“This Is Paris”: The scary truth that birthed the Hilton heiress

Paris Hilton's startling documentary will leave you questioning everything you thought you knew about America's first influencer.

Wiki+Commons

Wiki Commons

Kacey Connolly, Podcast Editor

Longtime socialite Paris Hilton debuted a tell-all documentary, “This Is Paris,” on Monday in an attempt to finally show people who the “real” Paris is. While the world already branded Hilton a spoiled, ditzy blonde back in the early 2000s, best known as the hotel heiress with a sex tape, many will be shocked to learn that the 39-year-old starlet has been living a lie since 1999. 

Referred to as the original influencer, Hilton spent nearly half of her life creating a multi-million dollar brand. From “The Simple Life” to a surplus of Paris products to DJing Tomorrowland, she has accumulated a personal net worth of $300 million. With a fortune unaffiliated to her great grandfather’s hotel empire, the spoiled, ditzy blonde is actually a genius businesswoman. What will shock viewers most, however, is the horrifying reason why the Paris Hilton we thought we knew was created in the first place.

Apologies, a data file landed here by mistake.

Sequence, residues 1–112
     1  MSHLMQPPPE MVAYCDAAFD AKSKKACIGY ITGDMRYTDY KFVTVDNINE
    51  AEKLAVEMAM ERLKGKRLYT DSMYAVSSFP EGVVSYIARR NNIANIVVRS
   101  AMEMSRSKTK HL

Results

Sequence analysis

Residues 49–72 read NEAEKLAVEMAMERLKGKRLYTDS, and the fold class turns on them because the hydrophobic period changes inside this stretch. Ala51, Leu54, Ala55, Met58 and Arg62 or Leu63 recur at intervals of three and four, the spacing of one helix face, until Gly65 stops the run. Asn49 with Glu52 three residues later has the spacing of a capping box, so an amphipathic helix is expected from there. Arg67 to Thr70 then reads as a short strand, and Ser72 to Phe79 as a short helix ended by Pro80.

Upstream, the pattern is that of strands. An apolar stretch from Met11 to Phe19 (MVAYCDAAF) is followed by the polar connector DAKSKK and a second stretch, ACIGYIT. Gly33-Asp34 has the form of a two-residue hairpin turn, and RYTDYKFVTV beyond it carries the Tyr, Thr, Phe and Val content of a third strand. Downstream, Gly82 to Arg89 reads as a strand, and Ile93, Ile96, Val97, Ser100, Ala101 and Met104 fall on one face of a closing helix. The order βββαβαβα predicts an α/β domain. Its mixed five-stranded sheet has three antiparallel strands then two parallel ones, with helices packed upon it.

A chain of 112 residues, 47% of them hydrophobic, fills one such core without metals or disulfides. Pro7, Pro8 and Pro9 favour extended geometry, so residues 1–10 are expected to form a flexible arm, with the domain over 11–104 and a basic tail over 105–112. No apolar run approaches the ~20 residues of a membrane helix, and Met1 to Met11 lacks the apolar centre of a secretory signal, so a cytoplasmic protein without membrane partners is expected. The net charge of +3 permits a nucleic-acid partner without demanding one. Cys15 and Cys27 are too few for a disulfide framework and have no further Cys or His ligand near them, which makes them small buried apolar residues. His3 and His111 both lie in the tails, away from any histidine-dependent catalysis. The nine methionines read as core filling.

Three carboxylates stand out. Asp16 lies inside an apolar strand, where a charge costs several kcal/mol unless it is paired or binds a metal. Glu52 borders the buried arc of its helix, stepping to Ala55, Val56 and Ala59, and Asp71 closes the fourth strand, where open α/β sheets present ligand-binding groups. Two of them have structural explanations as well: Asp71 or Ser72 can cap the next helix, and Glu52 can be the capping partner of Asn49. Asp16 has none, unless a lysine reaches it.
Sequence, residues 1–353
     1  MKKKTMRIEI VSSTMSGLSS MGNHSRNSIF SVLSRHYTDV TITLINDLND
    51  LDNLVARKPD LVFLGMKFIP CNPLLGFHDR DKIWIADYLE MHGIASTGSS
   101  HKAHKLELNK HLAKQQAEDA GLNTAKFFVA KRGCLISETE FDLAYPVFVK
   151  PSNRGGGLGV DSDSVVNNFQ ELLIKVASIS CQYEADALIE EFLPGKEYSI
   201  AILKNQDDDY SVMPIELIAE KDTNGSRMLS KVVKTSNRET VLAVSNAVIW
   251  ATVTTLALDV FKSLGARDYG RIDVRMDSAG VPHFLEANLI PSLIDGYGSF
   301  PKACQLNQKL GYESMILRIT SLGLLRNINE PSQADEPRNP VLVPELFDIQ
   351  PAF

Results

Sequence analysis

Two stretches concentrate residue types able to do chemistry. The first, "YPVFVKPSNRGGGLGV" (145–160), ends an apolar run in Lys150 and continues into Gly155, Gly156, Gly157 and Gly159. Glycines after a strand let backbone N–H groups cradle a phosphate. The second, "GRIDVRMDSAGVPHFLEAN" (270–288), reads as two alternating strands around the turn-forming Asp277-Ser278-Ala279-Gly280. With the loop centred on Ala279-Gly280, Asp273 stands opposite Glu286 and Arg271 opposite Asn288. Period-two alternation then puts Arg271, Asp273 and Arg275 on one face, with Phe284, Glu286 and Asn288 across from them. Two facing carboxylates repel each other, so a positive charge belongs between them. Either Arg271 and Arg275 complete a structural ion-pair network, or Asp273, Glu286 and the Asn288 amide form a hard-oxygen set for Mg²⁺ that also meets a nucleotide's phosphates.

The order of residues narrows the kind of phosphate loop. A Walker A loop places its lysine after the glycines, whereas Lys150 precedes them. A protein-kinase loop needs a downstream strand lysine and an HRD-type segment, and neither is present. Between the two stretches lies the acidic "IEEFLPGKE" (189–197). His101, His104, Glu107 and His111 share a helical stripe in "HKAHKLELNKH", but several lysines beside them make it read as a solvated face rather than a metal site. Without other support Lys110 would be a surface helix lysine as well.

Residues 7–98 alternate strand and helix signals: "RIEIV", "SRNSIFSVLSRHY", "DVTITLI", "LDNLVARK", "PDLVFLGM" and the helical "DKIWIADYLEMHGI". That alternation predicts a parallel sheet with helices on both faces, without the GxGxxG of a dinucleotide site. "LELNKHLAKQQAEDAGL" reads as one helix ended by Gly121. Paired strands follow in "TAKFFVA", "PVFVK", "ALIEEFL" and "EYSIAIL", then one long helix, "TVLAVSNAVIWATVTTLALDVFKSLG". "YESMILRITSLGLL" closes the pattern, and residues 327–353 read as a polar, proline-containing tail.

At age 15, Hilton and her family moved from Los Angeles to New York City. Hilton describes her home life as strict, recounting experiences of etiquette school and harsh rules centered around maintaining a perfect outward appearance. Between a suffocating family and mean teenage girls, Hilton began lashing out, cutting class and clubbing deep into the night at an early age. In what Hilton deems an effort to keep the family image clean, her parents began sending her to correctional boarding schools.

At first, Hilton ran from the schools. It wasn’t until she was 17 years-old that she stopped. Taken unwillingly in the middle of the night by strangers, Hilton’s parents sent her away to Provo Canyon School in Utah. She recalls Provo as the “worst of the worst.”

She describes the school as a prison with no way of escaping. There, she was mentally and physically abused, force-fed random pills that made her feel dissociated from reality. A particularly startling instance left Hilton in trouble for fake swallowing her pills and spitting them into the trash when no one was looking. She says they stripped her naked and sent her to solitary confinement for 20 hours. Trying her best to retain sanity, Hilton would focus her thoughts on everything she wanted to be when she was finally free. 

After eleven months at Provo, Hilton left on her 18th birthday. She remembers feeling grateful, swearing to herself that she would never tell anyone what happened to her there. This is when the Paris Hilton facade was created. 

In 2003, Hilton starred alongside former friend Nicole Richie in “The Simple Life,” a reality show in which two party girls move in with a farm family, publicly birthing the glitzy and glamorous airhead Paris. Shortly after, Hilton began dating Rick Salomon, the infamous boyfriend who leaked their sex tape.